Attendance at Senate committee functions has been limited by the construction of smaller meeting rooms cutting down the numbers who can attend. The legislature now has fewer night committee meetings, meaning that if someone from a distance wants to come and comment on a bill, they have to take a day off of work to do so. As a result paid lobbyists provide most of the input on what’s being considered in Jefferson City.

When Priddy became news director of the Missourinet in 1975, senators were readily accessible, could be interviewed on the spot and were game to give answers. There were no hired spokesmen then to run interference.

Now the Senate has an elaborate communications operation with people hired year-round for a session that lasts five months. The majority Republican caucus has a communications director, Lauren Hieger, who is paid $67,500 annually. The minority Democratic contingent has a similar position occupied by Charles Hatcher, whose annual salary is $78,124. In addition, there are five “public information specialists” on the Senate payroll collecting a total of $177,610 per year.

At the beginning of this legislative session, Hieger sent a message to the capital press corps asking its members to wait before pestering them with questions.

“I have also had a request from many senators that they have some time upon adjournment before giving interviews,” Hieger wrote. “To help them with that request, I ask that if you have a specific senator you would like to interview to either let me, Charles Hatcher, or his or her staff member know.”

In his blog comment on Hieger’s message, Priddy wrote: “Who needs some partisan functionary to tell them a reporter wants to ask a question?”

Author’s note: Terry Ganey covered the Missouri Legislature for 35 years for the Associated Press, the St. Louis Post-Dispatch and the Columbia Daily Tribune.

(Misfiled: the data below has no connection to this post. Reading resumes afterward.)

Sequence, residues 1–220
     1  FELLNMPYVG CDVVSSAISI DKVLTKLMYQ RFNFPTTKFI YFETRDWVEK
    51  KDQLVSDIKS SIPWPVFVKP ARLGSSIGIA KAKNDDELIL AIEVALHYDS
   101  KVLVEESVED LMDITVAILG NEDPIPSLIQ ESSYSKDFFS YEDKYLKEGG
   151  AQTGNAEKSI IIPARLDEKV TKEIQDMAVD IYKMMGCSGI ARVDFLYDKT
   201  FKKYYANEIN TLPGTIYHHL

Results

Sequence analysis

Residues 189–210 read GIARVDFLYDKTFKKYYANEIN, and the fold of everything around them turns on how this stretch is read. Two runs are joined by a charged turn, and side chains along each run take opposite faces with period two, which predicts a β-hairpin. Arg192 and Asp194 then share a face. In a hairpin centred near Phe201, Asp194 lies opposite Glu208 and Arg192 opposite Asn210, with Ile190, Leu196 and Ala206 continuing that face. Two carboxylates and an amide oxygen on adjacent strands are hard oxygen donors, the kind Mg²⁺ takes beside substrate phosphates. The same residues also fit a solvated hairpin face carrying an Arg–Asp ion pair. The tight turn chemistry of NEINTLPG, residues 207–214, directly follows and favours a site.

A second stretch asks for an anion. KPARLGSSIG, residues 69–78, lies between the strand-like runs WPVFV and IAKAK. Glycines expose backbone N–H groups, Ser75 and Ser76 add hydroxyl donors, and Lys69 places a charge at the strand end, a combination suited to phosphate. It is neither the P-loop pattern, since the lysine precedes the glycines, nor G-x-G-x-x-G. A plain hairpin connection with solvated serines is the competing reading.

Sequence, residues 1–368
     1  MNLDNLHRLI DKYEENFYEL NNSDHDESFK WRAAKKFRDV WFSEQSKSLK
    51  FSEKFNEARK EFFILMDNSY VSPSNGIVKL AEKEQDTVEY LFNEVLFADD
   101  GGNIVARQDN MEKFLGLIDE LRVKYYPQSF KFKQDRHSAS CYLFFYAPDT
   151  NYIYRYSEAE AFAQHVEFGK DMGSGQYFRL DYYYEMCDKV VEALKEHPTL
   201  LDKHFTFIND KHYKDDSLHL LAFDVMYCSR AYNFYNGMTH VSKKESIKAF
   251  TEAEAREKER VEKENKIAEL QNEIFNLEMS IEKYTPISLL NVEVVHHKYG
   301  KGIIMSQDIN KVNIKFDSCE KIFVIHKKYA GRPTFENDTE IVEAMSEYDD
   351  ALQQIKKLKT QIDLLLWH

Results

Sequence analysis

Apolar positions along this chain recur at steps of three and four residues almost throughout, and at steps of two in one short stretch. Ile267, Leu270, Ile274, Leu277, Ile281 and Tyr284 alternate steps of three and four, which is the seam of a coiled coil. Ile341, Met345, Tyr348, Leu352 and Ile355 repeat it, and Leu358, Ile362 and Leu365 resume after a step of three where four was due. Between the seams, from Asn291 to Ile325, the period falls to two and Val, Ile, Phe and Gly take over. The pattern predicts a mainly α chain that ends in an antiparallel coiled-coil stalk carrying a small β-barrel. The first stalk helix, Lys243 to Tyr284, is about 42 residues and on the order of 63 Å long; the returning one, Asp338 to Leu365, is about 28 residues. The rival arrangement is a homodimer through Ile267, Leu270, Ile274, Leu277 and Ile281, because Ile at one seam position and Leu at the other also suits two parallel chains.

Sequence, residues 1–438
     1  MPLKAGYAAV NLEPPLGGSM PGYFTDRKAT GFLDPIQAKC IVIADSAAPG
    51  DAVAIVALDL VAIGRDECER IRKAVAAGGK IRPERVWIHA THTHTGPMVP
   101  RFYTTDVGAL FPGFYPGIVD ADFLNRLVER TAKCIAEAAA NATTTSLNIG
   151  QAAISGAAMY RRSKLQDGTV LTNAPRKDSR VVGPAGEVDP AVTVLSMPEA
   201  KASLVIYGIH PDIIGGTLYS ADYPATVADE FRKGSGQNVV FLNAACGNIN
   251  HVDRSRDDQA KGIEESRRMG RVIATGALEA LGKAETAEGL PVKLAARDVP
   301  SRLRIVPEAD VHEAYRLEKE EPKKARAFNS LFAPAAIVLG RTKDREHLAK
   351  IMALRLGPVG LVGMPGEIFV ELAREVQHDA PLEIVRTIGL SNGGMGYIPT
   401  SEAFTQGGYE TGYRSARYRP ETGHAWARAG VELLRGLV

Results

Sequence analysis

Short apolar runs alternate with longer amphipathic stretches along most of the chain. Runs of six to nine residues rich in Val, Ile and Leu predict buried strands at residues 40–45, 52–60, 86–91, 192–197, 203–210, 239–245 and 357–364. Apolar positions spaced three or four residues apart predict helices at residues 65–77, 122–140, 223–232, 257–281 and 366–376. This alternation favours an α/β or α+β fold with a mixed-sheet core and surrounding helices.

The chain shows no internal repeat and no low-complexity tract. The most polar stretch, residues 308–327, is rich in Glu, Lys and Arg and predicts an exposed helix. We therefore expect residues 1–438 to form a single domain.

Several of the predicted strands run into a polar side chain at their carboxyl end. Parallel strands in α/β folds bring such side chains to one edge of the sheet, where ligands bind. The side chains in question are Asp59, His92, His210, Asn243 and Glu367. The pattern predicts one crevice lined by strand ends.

Ten years after Pulitzer: Staff cuts, declining circulation, low morale

St. LOUIS – One afternoon just before Thanksgiving, a group of reporters and editors clustered around a table in the 5th floor newsroom of the St. Louis Post-Dispatch as part of a farewell ceremony for business reporter Tim Barker.

There was a sheet cake to cut and pieces to distribute. Beyond that, there wasn’t much to the event. Barker said he didn’t like making speeches.

The editors who announced his departure said Barker was returning to Orlando, Fla., where his wife had accepted a job. Since joining the Post-Dispatch in 2007, Barker covered economic development, higher education and the biotech industry. His editors said he did outstanding work on complex subjects.

The sheet cake scene was a familiar one. In the decade since Lee Enterprises acquired Pulitzer, Inc., and the Post-Dispatch, more people have left the newspaper than joined it. The staff cuts — roughly a two-thirds reduction in newsroom employment — are only one component of the upheaval that has taken place at the newspaper’s headquarters at 900 North Tucker Blvd, a building now up for sale.

The newspaper is smaller. Circulation is falling, down a quarter from 2013. The staff has suffered job furloughs, wage reductions and higher health insurance premiums. The company-paid pension was frozen in 2010.